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Meet Erin Douglass of Nasty Women Portraits in Hollywood

Today we’d like to introduce you to Erin Douglass.

Erin, please share your story with us. How did you get to where you are today?
I came to Los Angeles in 2011 to work in film. For the last 7 or so years, I’ve been happily working in the camera department, living my LA dream. And then 2016 happened. It’s probably cliche now to say that 2016 was a wake-up call, but that’s what it was. I have always been an outspoken feminist, I’ve voted in all the presidential elections, and honestly, I thought that was enough for the first 26 years of my life.

I never thought I had the skillset to offer more, I always thought that there were so many better-qualified people who could do the work better than I could. I was content to stay in my lane. And then, of course, 2016 happened, and my pristine little-privileged bubble burst. I realized that I needed to figure out a way to do more with the skills that I have because they’re nothing, just because I wasn’t in a specifically political or social services track didn’t mean I couldn’t make a difference.

And in the aftermath of this mess I reached out to so many women in my life, I found comfort in the fact that I think we were all having these similar thoughts and feelings. We were all desperate to do more. In that sea of texts and calls and emails, an idea formed that married my strengths as a filmmaker and photographer with this desire to do more to protect the things that we all took for granted before.

I took this idea back to my network of women and we ran with it. We each pulled from our own expertise to put together the first Nasty Women Portraits event in December of 2016. That’s the only way I got to where I am now. Nasty Women Portraits wouldn’t exist without those women who said yes when I asked for their help.

We’re always bombarded by how great it is to pursue your passion, etc – but we’ve spoken with enough people to know that it’s not always easy. Overall, would you say things have been easy for you?
As far as roads go, it’s been interesting. It’s been a giant learning experience. In the beginning, I had to learn how to do everything. I have a degree in film, and earning credit for studying Buffy the Vampire Slayer doesn’t really prepare you for starting and running a nonprofit organization. It was like going back to school and it was very overwhelming.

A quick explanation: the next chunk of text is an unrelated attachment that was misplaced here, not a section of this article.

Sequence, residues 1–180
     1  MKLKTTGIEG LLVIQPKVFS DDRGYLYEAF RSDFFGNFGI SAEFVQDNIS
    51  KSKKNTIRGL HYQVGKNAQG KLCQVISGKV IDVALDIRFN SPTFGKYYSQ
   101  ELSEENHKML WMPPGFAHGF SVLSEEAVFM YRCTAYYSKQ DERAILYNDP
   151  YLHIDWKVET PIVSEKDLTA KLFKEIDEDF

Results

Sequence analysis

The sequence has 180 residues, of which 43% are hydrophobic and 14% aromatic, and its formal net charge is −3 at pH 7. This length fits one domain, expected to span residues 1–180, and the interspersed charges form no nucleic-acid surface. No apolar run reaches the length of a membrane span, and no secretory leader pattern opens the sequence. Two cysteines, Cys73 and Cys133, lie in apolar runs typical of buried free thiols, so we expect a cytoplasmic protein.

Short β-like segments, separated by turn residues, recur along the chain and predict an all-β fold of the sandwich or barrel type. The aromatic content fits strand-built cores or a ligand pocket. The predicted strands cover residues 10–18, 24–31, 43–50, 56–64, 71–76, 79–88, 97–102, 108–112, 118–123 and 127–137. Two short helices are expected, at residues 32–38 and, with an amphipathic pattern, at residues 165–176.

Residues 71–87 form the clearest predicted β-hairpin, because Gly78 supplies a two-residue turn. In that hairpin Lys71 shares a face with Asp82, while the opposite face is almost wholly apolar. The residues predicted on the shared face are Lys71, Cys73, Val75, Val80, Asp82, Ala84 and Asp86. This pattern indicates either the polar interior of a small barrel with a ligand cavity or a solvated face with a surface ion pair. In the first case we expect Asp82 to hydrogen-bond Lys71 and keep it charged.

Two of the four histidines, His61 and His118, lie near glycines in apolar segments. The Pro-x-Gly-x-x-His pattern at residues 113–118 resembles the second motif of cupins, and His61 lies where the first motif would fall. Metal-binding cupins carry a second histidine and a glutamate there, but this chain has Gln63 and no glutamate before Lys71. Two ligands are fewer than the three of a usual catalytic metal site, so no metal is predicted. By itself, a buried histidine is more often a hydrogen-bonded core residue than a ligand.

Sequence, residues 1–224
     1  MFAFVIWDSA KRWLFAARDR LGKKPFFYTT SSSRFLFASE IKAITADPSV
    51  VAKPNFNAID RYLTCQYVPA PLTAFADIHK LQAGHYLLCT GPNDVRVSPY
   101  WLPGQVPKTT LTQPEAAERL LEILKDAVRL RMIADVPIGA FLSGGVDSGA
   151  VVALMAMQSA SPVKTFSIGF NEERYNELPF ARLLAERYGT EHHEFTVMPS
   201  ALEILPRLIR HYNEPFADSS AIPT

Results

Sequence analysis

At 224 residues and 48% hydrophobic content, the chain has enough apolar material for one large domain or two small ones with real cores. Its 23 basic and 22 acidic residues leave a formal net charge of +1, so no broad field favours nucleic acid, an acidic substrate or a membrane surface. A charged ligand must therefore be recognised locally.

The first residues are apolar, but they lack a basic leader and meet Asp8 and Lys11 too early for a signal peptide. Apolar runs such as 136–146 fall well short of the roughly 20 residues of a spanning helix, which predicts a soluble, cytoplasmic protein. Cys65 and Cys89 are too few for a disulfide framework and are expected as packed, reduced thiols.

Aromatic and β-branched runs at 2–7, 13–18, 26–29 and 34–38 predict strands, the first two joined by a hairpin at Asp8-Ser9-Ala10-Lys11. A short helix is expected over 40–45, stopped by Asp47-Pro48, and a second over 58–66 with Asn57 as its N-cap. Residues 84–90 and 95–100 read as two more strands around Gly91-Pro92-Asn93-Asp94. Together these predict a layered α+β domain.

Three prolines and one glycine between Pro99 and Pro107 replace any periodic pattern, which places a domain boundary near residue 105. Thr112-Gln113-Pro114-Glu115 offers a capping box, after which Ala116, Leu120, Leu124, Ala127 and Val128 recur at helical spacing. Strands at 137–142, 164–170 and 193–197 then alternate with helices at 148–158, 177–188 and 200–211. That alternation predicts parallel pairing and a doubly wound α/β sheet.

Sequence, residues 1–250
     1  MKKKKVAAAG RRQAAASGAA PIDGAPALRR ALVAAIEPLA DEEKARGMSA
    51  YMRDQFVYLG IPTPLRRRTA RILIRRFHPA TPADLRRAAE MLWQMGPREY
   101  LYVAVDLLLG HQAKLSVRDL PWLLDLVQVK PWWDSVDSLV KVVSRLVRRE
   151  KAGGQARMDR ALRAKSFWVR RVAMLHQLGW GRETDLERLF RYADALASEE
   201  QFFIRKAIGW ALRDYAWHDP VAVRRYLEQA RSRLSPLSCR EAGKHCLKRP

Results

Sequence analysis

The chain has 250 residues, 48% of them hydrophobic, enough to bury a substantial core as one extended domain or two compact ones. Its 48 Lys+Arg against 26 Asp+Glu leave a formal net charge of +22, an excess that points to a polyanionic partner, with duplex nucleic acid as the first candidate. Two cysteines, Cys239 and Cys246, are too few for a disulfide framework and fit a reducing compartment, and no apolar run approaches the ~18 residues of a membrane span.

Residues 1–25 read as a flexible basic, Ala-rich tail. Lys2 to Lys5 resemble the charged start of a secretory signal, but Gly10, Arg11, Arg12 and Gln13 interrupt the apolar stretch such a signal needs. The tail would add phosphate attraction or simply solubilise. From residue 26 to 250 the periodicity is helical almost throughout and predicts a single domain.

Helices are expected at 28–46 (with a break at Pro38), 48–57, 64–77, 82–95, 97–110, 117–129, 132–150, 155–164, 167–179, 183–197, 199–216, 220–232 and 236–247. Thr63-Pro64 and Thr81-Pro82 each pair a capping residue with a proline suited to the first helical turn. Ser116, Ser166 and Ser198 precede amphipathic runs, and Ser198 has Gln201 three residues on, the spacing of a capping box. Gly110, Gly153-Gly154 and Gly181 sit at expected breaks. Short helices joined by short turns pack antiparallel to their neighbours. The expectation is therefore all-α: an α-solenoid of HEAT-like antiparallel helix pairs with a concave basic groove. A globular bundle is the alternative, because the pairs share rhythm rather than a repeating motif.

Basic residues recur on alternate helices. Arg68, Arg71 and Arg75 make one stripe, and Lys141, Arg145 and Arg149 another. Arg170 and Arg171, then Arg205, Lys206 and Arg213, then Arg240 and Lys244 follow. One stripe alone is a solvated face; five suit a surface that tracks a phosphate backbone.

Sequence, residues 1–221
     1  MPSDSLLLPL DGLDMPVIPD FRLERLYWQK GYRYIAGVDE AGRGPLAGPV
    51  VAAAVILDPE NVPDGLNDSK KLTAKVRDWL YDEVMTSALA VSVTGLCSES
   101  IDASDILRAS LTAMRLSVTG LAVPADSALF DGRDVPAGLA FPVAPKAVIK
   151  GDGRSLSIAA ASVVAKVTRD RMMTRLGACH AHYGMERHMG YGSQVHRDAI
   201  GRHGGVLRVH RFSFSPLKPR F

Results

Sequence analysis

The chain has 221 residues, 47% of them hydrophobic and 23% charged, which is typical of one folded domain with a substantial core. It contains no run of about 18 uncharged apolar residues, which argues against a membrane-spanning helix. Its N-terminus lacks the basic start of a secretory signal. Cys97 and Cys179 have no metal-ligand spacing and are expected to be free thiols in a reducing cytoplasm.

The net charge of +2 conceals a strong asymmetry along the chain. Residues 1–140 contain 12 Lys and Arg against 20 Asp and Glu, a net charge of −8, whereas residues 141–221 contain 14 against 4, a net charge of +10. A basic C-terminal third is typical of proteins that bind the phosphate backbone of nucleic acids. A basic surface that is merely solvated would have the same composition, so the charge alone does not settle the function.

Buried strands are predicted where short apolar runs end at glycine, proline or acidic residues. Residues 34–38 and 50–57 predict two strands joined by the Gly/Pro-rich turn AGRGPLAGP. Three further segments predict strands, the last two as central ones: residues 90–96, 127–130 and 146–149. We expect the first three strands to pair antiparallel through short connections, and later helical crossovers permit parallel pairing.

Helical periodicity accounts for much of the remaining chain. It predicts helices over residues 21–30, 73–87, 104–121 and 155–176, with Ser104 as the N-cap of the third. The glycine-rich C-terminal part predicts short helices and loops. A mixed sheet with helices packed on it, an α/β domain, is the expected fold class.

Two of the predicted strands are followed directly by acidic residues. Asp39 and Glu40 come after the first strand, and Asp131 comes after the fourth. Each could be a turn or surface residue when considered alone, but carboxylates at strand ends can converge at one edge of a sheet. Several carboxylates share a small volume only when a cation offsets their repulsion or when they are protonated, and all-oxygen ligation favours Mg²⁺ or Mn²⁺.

But we luckily found a great resource in the USC Small Business Clinic and they took a lot of it out of my hands. So I wouldn’t even rank that as a bumpy road. I’ve found that the biggest struggle is balancing it all. It’s staying engaged and motivated when it’s not a passion project anymore, it’s work. Meanwhile, you still have your work, the work that pays your rent, that needs to get done. It’s keeping your community engaged and passionate when they’re fatigued when they want to live their lives without hearing about all the awful things that are happening every day.

I think we all want an easy or instant fix and that’s not going to happen. It’s work that needs to be done and we have to be creative, we have to keep working. Again, maybe one or two bumps, knock on wood this trend continues.

So let’s switch gears a bit and go into the Nasty Women Portraits story. Tell us more about the business.
Nasty Women Portraits is a nonprofit organization that uses photography for good.

Specifically, to promote feminism and support organizations that benefit the lives of women and other marginalized groups. We offer photo services to organizations and events that align with our mission and might not have the access or budget for professional photographers. We know that that can be pretty low on the list of priorities when you’re saving the world.

But what makes Nasty Women Portraits truly nasty are our solo events. We throw parties where we take an iconic photo of an iconic feminist and invite a guest to recreate that portrait, all while fundraising for different charities that are aligned with the feminist. In the past, we’ve honored Hillary Clinton (obviously), Michelle Obama, and Dolores Huerta, and have fundraised for Planned Parenthood, The Southern Poverty Law Center, and The Dolores Huerta Foundation.

One of the things we’re most proud of as an organization is the community and atmosphere of the events. Our events are designed to be empowering and encouraging.

They’re a space that celebrates strong women and lets guests see themselves in that same light. We intentionally draw the comparison between our icon and our guests because we want to celebrate everyone who comes through our doors.

They’re there to make a difference, even if it seems small, and that’s something worth cheering about. We want to uplift everyone so that they are inspired to stay activated. We want to be that pat on the back, that affirmation that you’re strong, powerful, and enough.

Has luck played a meaningful role in your life and business?
I think luck is just a lot of hard work and good timing. So far we’ve got the hard work, I’m not sure about the timing yet.

Contact Info:

Image Credit:
Nasty Women Portraits

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